Risk Factors

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Risk Factors for Depression – Key Points
What are the risk factors for depression?

Key Points

  • We know a lot about risk factors for depression.
  • Knowing about the risk factors can help people to respond if they or someone they know has problems with depression.
  • Risk factors include:
    • A family history of depression
    • Stressful experiences during childhood
    • Recent life stresses
    • Misuse of alcohol or other drugs

What are the risk factors for depression?

When a person has problems in one of the following areas, their risk of having depression increases. The more risk factors, the greater the risk of depression. Of course, many people have these risk factors and do not have problems with depression. Others have no risk factors and still have problems with depression.

1. Family History

  • Many of your traits as a person run in families – positive traits such as good health and negative ones such as health problems. This is also true with depression.
  • Men and women with many close relatives with problems with depression are more likely to experience depression themselves.
  • This does not mean that someone with a strong family history of depression is certain to have problems with depression. But it does tell us that there is an increased risk, especially when the person has other risk factors.
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2. Stressful Experiences as a Child

  • conflict in the home
  • parents who are separated or divorced and the stress that may go along with the break up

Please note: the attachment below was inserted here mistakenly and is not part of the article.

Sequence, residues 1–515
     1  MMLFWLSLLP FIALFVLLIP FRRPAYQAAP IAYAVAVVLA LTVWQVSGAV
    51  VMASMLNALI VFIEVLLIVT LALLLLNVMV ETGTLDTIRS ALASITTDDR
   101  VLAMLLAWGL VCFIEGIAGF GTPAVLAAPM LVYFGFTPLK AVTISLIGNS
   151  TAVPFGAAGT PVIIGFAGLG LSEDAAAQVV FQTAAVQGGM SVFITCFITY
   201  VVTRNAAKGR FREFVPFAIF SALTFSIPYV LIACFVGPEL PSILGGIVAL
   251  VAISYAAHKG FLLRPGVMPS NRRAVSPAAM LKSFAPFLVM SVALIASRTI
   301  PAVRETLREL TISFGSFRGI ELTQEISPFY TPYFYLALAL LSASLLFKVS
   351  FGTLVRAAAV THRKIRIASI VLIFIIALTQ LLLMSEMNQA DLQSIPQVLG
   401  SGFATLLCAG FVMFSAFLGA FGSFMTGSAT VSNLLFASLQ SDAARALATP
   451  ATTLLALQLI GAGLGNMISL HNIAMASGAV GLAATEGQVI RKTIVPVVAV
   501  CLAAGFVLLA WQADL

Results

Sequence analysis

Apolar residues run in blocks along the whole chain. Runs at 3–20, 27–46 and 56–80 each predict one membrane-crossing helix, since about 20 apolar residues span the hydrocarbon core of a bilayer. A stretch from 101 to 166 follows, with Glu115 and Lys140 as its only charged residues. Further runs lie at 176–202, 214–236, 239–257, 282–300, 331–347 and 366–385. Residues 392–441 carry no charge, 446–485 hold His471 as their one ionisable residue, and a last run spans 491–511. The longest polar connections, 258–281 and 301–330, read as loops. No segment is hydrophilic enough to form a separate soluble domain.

• family stress such as a serious illness or death of a loved one
  • a parent who struggles with depression or other emotional problem
  • not being emotionally close to parent(s) or caregiver(s)
  • emotional, physical, or sexual abuse.
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3. Life Stress During the Adult Years

  • a break up in a relationship
  • disruption in relationships with family and friends (for example, marital or family conflict)
  • death or serious illness of someone close
  • a traumatic experience such as being injured in an accident, assaulted, or seeing a very upsetting event
  • a difficult health problem
  • a serious disappointment at work or school (for example, a lost job or a failed exam)
  • difficulty achieving important goals in life such as satisfying relationships and satisfying work and leisure
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4. Chronic Stresses

  • financial pressure
  • long-term illness
  • excessive work
  • conflict or disappointment in relationships
  • difficulty with school or work.
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5. Misuse of Alcohol or Other Drugs

  • Frequent use of alcohol or recreational or illegal drugs is a risk factor for the development of depression and other problems such as anxiety.
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